I live in NJ.  Our neighbor's 30-year old son committed suicide two years ago while living (married, no children) in PA.  Out of respect for his widow, our neighbors assisted with burying him in PA rather than suggesting it be done in NJ.  The widow is now engaged to be married within the next year.  Our neighbors would like to have their son reinterred in NJ so they might visit with him more often (it's a 3-hour ride each way that will become increasingly more difficult for them as they age.)  The widow is currently refusing.  Will our neighbors have more success after the widow remarries in moving their son back 'home'? Do you have any suggestions as to help these grieving parents? Thank you.

Any idea why the widow is refusing? Typically a spouse gets to call the shots, but once she remarries the parents could approach a Probate Court to see if they have any possibility. Sorry that isn't very helpful. Would cremation be an option and then divide the cremated remains?

If all else fails, the parents could purchase a plot and bury a picture or other memorabilia with a stone with their son's name on it.


All Answers

Answers by Expert:

Ask Experts


Lisa Carlson


Funeral Law. Having written a 512-page book on funeral law for consumers with state-by-state information, I am very conversant with consumer rights in this regard: What are the laws on disposition of cremated remains? Is embalming required? Do I have to use a funeral home? Can I have a home wake? Is it a state law to buy a vault? I prepaid for a funeral but changed my mind. They won`t give me all my money back. What can I do? . . . If you have an immediate need for information because a death has just occurred or is about to occur, you may call me at 802-482-6021.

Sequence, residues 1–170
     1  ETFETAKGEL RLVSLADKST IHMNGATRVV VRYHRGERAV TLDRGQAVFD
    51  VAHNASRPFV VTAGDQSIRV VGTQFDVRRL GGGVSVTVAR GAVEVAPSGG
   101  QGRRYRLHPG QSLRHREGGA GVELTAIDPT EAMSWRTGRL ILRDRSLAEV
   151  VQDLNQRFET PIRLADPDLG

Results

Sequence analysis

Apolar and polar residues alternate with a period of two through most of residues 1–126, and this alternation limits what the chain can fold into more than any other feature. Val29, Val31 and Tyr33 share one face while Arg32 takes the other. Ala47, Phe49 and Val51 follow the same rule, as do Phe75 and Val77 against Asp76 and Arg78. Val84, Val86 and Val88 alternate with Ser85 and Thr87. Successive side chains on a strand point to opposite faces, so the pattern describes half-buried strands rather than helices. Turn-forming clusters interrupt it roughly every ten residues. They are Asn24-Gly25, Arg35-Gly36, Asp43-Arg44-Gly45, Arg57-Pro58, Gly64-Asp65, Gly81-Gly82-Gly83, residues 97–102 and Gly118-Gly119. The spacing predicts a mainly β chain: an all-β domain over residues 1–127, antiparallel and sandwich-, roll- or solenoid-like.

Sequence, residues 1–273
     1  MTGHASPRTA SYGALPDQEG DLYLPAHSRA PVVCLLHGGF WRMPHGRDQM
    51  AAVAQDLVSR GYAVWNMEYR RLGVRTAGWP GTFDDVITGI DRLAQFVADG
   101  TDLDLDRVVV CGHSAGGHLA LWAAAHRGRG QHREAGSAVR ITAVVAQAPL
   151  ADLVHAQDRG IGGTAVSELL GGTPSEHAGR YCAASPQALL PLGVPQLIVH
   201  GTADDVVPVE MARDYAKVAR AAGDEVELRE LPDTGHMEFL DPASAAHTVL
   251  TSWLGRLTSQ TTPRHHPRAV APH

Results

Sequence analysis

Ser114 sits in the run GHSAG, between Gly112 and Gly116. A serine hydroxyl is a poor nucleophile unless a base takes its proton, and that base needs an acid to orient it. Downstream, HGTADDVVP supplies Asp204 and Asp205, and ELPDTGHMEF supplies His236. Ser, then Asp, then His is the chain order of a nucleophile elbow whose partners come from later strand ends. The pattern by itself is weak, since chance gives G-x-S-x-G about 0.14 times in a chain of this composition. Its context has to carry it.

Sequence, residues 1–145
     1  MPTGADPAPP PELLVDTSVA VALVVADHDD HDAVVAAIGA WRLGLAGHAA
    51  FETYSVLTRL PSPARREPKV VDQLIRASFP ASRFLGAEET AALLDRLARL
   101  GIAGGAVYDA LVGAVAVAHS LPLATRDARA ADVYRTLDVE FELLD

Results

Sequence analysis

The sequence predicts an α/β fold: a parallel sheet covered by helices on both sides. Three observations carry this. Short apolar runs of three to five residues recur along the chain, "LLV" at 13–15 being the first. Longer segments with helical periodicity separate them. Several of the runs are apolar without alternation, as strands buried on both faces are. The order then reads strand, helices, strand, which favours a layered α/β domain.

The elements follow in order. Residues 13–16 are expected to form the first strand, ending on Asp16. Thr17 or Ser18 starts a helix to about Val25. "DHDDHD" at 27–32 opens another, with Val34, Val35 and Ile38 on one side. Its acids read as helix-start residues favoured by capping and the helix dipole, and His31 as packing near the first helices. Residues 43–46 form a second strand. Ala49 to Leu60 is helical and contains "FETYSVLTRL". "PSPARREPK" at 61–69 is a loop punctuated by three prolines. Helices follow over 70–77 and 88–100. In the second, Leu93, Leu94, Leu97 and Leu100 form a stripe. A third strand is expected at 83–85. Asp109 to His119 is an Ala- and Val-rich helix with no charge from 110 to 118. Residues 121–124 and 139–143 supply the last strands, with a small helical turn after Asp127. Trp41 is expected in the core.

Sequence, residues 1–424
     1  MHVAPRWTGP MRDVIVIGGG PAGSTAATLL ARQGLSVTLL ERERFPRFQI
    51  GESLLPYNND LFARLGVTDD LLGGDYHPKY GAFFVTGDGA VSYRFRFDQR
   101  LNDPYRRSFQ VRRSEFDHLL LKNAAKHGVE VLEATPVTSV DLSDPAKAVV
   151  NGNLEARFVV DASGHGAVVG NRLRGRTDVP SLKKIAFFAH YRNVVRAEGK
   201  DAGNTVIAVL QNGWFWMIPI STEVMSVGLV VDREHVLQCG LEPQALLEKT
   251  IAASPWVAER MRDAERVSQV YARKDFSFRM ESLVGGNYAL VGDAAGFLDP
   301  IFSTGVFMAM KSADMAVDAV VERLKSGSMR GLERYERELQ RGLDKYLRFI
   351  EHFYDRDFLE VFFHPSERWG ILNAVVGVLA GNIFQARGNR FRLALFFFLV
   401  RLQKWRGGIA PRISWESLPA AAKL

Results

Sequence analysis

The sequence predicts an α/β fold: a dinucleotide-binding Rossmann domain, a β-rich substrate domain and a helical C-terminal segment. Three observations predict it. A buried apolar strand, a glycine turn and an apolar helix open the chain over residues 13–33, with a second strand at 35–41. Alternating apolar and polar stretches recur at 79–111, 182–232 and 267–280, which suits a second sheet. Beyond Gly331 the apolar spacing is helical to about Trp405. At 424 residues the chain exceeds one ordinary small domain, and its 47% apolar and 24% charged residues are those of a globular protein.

I have monitored the funeral industry on behalf of consumers for over 20 years. I have been a guest speaker to funeral trade organizations, consumer workshops, and social service professionals. I am regularly consulted by lawyers and legislators as well as journalists.

Funeral Ethics Organization ( Funeral Consumers Alliance (

Caring for Your Own Dead (1987) Caring for the Dead: Your Final Act of Love (1998) I Died Laughing: Funeral Education with a Light Touch (2001) Final Rights: Reclaiming the American Way of Death (2011) with co-author Joshua Slocum

Masters degree in Administration and Special Education

Past/Present Clients
Available as an expert witness for funeral-related court cases.

©2017 All rights reserved.